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Idaho Guard sends wildland firefighting crew to northern Idaho

Idaho National Guard Soldiers and Airmen made organizational history by sending wildland Firefighter Type 2 Red Card certified Guardsmen to northern Idaho to fight fires for the first time. The newly assigned crewmembers of the Task Force Timber Shield left Boise to assist the Idaho Department of Lands’ mission of containing more than 15 significant wildland fires currently burning in Idaho

Idaho National Guard Soldiers and Airmen made organizational history by sending wildland Firefighter Type 2 Red Card certified Guardsmen to northern Idaho to fight fires for the first time. The newly assigned crewmembers of the Task Force Timber Shield left Boise to assist the Idaho Department of Lands’ mission of containing more than 15 significant wildland fires currently burning in Idaho.(U.S. National Guard photo by Master Sgt. Becky Vanshur)

BOISE, Idaho – The Idaho National Guard made organizational history by sending wildland Firefighter Type 2 Red Card-certified Soldiers and Airmen to northern Idaho to fight fires for the first time.

The newly assigned crewmembers of Task Force Timber Shield left Boise Aug. 4 to help the Idaho Department of Lands contain more than 15 significant wildland fires burning in the state.

It's the first time the IDL has asked Idaho Gov. Brad Little to declare an emergency to make Idaho National Guard resources available to fight fires on the ground. 

Some Guard members received the notice to volunteer early in July and immediately began training to earn their FFT2 Incident Qualification Cards, commonly known as a Red Card certification.

"I made sure my name was on that list when I heard the call for volunteers," said 2nd Lt. Travis Stice. "It will be hard, physical labor, which I am excited for. I told my son that I was going to leave to go fight fires and he said, 'But you are in the Army, you're not a firefighter,' and I said, 'We do everything, buddy.'"

Stice is one of 72 Idaho Guard members who have earned a Red Card, with more Guardsmen completing the training in anticipation of additional missions. This is his first State Active Duty mission.

"I am very excited that this is a state mission," Stice said. "It's the reason I signed up for the Idaho National Guard, to help the citizens of Idaho, along with serving my country. I just love my fellow Idahoans. I called my employer with one day's notice and they said, 'Awesome, just come back safe and we'll work everything out when you come back.' They were very supportive even with the short notice."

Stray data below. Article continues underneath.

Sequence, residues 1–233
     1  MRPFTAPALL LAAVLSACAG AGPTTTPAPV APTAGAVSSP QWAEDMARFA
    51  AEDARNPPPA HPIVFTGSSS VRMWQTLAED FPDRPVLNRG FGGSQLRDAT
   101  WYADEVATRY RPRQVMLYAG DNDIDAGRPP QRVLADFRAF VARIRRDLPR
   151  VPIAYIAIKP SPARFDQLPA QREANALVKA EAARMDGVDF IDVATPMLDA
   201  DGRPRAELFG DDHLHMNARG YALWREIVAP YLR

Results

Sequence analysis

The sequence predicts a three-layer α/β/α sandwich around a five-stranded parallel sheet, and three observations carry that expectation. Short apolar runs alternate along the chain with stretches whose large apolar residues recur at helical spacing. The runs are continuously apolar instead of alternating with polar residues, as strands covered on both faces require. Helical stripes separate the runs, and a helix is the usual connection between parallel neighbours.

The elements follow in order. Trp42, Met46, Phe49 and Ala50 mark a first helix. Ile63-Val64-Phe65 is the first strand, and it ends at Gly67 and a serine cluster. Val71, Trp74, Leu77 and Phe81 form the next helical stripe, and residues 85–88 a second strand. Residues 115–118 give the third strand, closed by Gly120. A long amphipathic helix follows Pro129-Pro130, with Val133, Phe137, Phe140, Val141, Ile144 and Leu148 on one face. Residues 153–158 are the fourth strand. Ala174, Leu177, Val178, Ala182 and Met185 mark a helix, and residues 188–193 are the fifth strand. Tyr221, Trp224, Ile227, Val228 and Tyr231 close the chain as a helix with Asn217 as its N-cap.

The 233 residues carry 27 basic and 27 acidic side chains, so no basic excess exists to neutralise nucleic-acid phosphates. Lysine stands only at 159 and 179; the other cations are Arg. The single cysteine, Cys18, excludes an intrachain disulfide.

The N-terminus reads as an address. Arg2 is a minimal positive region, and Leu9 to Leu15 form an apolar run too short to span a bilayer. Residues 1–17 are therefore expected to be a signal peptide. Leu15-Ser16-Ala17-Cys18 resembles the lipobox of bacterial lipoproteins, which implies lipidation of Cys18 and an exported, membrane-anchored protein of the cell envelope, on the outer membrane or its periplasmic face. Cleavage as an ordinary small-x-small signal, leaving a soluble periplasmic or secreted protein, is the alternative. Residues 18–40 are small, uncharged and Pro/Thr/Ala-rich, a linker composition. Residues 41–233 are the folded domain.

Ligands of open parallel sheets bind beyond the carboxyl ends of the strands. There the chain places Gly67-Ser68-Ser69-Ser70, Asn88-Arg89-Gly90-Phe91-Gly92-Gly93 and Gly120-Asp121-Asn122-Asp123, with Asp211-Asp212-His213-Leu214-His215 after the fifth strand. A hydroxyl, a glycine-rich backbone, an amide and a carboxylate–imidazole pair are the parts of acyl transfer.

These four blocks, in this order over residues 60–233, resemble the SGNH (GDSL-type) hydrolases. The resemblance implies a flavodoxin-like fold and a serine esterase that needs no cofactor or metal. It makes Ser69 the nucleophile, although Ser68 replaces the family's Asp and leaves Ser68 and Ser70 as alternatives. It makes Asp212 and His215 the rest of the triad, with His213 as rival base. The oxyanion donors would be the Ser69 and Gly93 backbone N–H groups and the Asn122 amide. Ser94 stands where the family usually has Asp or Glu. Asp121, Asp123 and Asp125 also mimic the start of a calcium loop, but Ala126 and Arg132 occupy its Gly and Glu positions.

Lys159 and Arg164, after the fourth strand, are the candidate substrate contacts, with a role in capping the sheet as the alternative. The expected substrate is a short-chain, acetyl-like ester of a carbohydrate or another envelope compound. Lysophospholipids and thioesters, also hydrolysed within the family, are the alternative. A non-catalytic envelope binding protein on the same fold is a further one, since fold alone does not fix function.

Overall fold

The Guard members will assist with firefighting on the 6.2 million acres of land across mostly northern Idaho where IDL provides fire protection.

The IDL provided one crew boss and two squad bosses, with 16 fully trained Guard members completing a 19-person crew.

"We are currently training more Soldiers and Airmen as they volunteer for this mission in the hopes of building a large capacity consisting of several hand crews," said Lt. Col. Tony Vincelli, commander of Task Force Timber Shield. "This is the kind of mission that makes serving in the National Guard so unique and rewarding. I hope Soldiers and Airmen see how rewarding this mission is and truly understand the impact they could have."

The Guardsmen were issued firefighting personal protective equipment, fire-resistant clothing, hand tools and sleeping accommodations from the National Interagency Fire Center.

"The boots on the ground, physical labor of this kind of work is different than anything I have ever done in my career," said Maj. Robin Kiska, from the 224th Cyber Operations Squadron, Idaho Air National Guard. "It's like an extreme hiking adventure in extreme conditions. It will be hard work but a welcomed challenge."

The governor's emergency declaration also authorized other personnel to support firefighting logistical activities and make National Guard aircraft resources available.

The Idaho National Guard has two UH-60 Black Hawk helicopters and pilots, crew chiefs, refueling crew and essential maintenance personnel assisting with aerial firefighting. Since July 13, the crews have dropped more than 205,576 gallons of water on several fires.

Additionally, eight Guard members are providing logistical support at the Idaho Fire Cache warehouse in Coeur d'Alene.

The IDL, the Idaho Office of Emergency Management and the Idaho National Guard developed a partnership a few years ago.

"Today marked yet another milestone in the proud history of the Idaho National Guard as wildland firefighter ground crews mobilized and deployed to support the growing wildland fire threats across our state," said Brig. Gen. Russ Johnson, director of the Idaho National Guard Joint Staff. "Our National Guard service members – and their families – have again answered the call to support the citizens of Idaho during this volatile fire season."

Around the country, more than 770 National Guard Soldiers and Airmen from eight states are helping fight wildland fires. Four UH-60 Black Hawks, two CH-47 Chinooks and one UH-72 Lakota helicopter are involved. In addition, four C-130 crews from California, Nevada and Wyoming equipped with Modular Airborne Fire Fighting Systems have made 257 drops of fire retardant during 366 sorties.

The National Interagency Fire Center reports over 38,200 fires have burned 3.2 million acres across 14 states.

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